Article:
Work by ECU art professor Scott Eagle will appear in the Creative Quarterly. (Contributed photo)
Scott Eagle, assistant director and director of graduate studies in the School of Art and Design, has been selected by Creative Quarterly (http://cqjournal.com/annual) as one of their top 100 creatives for 2013. A panel of international judges picked the top 25 pieces for special recognition in each of four categories – fine art, graphic design, illustration and photography. Eagle’s work will appear in the Creative Quarterly Magazine being distributed this fall.
Since early 2000, Eagle has collaborated with author Jeff VanderMeer, a winner of the British Science Fiction Association Award, 2 World Fantasy Awards, finalist for the Hugo Award and author of more than 20 books including “The Steampunk Bible: An Illustrated Guide to the World of Imaginary Airships, Corsets and Goggles, Mad Scientists, and Strange Literature ” and “The Southern Reach Trilogy.”
Last October, VanderMeer published “Wonderbook; The Illustrated Guide to Creating Imaginative Fiction” (http://www.amazon.com/Wonderbook-Illustrated-Creating-Imaginative-Fiction/dp/1419704427) in which Eagle had four artworks used as illustration on seven pages, an interview and a full page photograph that he took of his studio shelves. This guide to writing imaginative fiction takes a completely novel approach and fully exploits the visual nature of fantasy through original drawings, maps, renderings and exercises to create a spectacularly beautiful and inspiring object. Employing an accessible, example-rich approach, “Wonderbook” (http://wonderbooknow.com/) energizes and motivates while also providing practical information needed to improve as a writer. In June, Wonderbook won the Locus Award for best nonfiction and has been nominated for the Hugo Awards.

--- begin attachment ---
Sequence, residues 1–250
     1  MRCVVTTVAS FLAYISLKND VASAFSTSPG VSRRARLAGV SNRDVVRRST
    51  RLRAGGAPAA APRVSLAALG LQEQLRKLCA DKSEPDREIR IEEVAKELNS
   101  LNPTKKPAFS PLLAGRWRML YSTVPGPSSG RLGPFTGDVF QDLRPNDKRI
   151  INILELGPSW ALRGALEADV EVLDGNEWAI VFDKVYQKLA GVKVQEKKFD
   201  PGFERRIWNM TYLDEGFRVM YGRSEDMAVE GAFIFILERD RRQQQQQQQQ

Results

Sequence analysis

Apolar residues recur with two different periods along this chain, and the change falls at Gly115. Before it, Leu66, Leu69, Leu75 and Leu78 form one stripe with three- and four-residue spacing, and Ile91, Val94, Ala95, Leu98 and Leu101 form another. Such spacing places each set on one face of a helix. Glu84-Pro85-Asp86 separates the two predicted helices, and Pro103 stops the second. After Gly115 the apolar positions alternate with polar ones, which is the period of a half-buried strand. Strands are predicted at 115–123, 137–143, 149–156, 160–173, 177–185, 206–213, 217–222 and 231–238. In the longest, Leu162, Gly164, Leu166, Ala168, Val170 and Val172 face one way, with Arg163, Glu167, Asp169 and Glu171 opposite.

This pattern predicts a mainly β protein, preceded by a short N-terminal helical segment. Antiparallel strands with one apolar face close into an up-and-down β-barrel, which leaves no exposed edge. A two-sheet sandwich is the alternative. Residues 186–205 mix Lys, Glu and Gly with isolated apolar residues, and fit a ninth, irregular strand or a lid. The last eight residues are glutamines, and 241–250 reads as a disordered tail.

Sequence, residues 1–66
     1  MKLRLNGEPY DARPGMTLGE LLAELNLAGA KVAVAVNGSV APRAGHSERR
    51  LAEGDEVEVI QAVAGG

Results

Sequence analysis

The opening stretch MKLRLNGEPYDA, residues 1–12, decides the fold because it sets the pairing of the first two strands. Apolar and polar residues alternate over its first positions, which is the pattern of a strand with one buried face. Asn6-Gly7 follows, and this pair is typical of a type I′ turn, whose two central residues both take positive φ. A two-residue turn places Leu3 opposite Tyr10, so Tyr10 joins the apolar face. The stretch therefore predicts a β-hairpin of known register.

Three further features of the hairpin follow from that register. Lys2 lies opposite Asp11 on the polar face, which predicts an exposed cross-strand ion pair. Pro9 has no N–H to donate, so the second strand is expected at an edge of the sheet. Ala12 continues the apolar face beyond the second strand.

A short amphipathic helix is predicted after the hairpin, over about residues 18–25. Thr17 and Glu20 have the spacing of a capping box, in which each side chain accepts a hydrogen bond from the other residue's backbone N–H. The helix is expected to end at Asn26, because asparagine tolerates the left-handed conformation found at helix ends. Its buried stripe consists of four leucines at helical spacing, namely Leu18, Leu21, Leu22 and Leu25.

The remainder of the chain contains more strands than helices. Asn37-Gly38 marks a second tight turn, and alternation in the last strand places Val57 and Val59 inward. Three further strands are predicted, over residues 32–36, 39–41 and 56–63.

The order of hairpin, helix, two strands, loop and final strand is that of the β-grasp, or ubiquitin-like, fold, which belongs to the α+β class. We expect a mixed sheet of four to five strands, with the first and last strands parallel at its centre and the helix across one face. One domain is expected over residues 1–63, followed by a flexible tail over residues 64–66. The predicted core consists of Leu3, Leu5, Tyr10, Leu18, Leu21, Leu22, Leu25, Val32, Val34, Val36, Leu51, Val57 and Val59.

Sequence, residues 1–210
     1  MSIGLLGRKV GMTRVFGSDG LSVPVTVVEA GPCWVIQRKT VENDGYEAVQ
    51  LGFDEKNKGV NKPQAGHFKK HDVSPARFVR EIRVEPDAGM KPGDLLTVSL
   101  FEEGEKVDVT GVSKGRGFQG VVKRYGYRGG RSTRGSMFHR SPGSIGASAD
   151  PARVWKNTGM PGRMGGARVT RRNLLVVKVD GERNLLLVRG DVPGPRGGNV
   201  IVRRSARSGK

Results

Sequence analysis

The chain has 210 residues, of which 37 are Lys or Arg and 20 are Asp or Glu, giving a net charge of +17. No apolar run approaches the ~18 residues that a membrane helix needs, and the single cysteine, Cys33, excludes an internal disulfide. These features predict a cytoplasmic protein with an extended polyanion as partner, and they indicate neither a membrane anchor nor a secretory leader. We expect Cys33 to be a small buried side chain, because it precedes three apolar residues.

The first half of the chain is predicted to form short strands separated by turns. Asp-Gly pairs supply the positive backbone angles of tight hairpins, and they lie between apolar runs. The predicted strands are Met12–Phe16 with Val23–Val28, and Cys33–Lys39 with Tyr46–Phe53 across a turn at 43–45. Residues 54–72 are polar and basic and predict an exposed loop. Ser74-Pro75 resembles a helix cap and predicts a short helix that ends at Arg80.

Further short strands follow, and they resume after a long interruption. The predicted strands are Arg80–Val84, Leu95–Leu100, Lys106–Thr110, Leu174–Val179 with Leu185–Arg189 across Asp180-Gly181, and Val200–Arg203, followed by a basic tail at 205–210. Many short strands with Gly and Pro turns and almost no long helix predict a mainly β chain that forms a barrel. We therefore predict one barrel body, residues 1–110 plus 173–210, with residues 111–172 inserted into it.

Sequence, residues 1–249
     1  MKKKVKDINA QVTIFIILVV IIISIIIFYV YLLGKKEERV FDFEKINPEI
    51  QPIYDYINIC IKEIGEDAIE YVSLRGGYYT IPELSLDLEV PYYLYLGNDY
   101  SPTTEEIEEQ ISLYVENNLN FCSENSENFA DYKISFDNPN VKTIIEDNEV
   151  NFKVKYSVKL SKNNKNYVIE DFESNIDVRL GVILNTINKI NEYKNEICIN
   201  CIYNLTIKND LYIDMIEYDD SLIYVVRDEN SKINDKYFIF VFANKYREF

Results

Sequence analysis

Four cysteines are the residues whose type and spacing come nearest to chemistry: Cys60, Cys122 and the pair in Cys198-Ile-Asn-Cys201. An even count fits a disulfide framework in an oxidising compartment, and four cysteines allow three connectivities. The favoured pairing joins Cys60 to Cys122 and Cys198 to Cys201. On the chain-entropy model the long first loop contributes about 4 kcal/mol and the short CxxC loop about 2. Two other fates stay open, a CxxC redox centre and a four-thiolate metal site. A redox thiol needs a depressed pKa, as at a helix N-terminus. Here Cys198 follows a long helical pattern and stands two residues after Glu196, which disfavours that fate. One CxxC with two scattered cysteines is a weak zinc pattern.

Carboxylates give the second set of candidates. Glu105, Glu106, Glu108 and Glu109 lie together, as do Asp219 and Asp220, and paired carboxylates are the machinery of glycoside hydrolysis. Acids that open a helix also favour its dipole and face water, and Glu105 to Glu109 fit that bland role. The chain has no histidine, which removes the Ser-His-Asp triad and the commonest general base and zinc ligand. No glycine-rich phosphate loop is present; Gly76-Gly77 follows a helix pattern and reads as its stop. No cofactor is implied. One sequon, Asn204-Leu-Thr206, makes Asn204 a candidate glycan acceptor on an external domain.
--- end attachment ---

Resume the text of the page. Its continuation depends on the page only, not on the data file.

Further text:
Additional artwork by Eagle also can be seen locally in a new exhibit at the Pitt County Arts Council at Emerge in the Edwards & Wooten Gallery from Sept. 5 through Sept. 26. Eagle and artist Tim French, a 2011 ECU MFA alumnus, are featured in the “Psychodrama” exhibition. An opening reception will be held Sept. 5 during the First Friday Artwalk in uptown Greenville. French teaches art at Pitt Community College.
Derek Maher, associate professor in philosophy and religious studies, shares a laugh with Marilyn Sheerer during her ice cream social celebrating her service to the university since 1996 as professor, department chair, dean and provost.
The June 26 event allowed faculty and staff from across campus to hug Sheerer and wish her well in the next phase of her academic career. She steps down as provost Aug. 15.
One of those well-wishers was Rita Reaves, interim director of Office of Academic Program Planning and Development. “What she has done has helped us remember what’s important – the students who are here and the relationships we can establish to support them.”
(Photos by Cliff Hollis)